There are many more exciting ways of making direct mordant resistant marks on the plate which are strictly speaking open bite techniques; some of these can be etched straight after completing a design on the plate. For instance pre-cut pieces of adhesive tape (acting as mordant resists) can be stuck directly to the metal surface to produce geometric shapes in an etching. Crisp lines of varying thickness can be drawn directly on the plate surface with waterproof felt tip pens. This works because the acrylic ink used in these pens resists corrosion, allowing you to etch away the metal around the drawn lines.

Equally immediate are the many "greasy" materials that can be very successfully used for direct mark making. For example, the mark of a soft wax crayon can give a very textured etched line similar to a crayon line on paper. Mark making with things such as Vaseline or solid vegetable fat (Crisco) is of a more experimental kind, but can be extremely successful for laying a base of etched tone and texture before further definition is given to the plate through another, more controlled, technique.

Similar to diluted acrylics, these materials present a permeable surface that results in variations in the depth of the etch because of the differing thicknesses of the resist layers. This creates a gradation of tones on the print.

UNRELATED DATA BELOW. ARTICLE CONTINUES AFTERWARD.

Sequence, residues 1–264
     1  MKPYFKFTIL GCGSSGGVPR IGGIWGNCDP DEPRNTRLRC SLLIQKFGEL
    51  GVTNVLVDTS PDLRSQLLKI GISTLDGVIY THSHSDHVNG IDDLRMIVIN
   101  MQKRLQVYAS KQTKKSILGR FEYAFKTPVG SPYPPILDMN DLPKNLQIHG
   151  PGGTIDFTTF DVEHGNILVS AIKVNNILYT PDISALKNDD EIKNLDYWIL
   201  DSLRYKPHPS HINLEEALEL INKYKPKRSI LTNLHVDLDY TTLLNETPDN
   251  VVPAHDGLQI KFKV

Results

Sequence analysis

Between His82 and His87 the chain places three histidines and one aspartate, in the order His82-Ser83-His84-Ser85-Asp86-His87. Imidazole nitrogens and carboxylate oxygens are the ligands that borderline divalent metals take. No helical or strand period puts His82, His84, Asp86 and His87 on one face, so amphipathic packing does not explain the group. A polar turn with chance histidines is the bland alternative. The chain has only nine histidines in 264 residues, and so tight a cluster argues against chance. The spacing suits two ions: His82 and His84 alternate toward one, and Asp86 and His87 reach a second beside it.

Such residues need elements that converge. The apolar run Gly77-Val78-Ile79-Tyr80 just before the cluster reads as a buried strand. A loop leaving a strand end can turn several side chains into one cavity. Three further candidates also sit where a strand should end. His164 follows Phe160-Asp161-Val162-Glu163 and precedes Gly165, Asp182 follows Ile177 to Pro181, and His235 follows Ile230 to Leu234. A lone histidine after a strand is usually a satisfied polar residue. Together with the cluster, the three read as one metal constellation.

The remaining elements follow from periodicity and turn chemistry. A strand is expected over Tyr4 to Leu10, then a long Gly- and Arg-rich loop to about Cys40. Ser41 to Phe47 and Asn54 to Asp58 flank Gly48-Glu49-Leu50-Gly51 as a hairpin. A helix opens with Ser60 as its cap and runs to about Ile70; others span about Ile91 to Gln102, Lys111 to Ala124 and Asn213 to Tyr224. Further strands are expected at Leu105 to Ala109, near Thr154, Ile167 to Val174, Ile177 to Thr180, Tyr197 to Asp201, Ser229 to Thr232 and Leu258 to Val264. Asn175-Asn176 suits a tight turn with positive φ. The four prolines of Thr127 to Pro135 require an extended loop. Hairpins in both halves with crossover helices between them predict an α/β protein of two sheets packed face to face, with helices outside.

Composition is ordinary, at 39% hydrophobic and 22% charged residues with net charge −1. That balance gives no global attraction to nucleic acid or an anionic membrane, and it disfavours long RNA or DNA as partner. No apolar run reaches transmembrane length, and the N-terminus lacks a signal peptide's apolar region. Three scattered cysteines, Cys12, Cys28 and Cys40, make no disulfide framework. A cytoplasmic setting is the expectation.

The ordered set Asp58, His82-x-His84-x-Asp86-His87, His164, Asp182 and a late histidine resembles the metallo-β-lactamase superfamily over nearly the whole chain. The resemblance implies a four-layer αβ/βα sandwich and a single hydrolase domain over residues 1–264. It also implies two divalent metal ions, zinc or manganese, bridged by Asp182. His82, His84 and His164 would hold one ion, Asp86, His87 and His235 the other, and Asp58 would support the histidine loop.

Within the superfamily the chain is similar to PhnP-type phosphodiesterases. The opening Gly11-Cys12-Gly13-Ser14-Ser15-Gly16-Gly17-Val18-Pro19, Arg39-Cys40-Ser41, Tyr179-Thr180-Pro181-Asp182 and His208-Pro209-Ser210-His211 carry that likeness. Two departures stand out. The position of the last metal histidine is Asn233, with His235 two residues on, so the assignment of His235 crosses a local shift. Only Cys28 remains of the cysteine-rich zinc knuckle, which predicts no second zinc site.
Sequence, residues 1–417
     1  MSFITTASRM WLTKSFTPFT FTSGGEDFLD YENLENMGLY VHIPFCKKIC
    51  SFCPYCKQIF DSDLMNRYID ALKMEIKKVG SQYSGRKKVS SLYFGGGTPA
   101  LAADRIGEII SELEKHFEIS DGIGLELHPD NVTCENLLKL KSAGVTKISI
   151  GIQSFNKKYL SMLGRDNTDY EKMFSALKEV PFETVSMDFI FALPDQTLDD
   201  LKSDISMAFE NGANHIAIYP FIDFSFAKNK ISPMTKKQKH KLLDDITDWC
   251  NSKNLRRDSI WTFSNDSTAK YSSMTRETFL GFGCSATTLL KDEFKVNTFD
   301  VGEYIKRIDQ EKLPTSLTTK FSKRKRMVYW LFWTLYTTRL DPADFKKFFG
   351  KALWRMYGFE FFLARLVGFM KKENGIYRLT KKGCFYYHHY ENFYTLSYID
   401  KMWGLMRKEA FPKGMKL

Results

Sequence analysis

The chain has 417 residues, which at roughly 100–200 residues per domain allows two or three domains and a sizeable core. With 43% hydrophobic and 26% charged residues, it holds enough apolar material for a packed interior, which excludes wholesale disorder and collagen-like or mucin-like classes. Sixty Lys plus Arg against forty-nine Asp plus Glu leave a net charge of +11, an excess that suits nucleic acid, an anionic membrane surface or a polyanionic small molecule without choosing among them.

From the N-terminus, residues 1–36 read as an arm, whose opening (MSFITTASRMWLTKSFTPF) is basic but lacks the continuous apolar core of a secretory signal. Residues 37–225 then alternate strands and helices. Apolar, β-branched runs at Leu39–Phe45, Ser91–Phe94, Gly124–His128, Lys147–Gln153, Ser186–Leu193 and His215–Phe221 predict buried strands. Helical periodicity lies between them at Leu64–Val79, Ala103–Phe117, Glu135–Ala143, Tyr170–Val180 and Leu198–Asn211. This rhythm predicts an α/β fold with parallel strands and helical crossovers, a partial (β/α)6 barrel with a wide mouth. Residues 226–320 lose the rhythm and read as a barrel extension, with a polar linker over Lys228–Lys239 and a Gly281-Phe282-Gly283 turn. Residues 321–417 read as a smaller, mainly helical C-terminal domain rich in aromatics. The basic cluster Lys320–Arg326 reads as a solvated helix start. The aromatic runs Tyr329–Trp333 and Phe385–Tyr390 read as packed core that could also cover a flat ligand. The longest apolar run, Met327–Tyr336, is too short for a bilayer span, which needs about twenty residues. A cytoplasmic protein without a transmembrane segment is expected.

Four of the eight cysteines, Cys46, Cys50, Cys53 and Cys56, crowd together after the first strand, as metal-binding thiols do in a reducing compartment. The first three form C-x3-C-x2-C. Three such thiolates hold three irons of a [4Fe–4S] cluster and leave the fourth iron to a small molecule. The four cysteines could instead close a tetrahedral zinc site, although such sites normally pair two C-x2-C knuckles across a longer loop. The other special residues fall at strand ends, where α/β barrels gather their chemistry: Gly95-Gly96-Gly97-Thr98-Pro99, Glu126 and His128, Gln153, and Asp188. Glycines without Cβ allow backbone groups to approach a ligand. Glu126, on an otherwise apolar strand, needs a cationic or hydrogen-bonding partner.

The possibilities of this approach are extensive and it is left to the imaginative printmaker to explore and develop his or her own direct etching vocabulary.









Tom Drew, shaped print and plate, 
acrylic resist hard ground etching and 
etched aluminum plate
(Saline Sulfate Etch)






Tailored Acrylic Grounds and Varnishes     
 
See    ETCHING INGREDIENTS


Most acrylic paints and binders may not only be used for painting, but also as etching resists. There are a number of dedicated stop-out varnishes on the market, such as the Golden Acrylic Stop-out Solution (Polymetaal) which makes a good all-round varnish for etching. For the direct mark making techniques especially, it is well worth utilising a broader range of acrylics as resists - preferably after familiarizing yourself with their creative properties on a sample plate.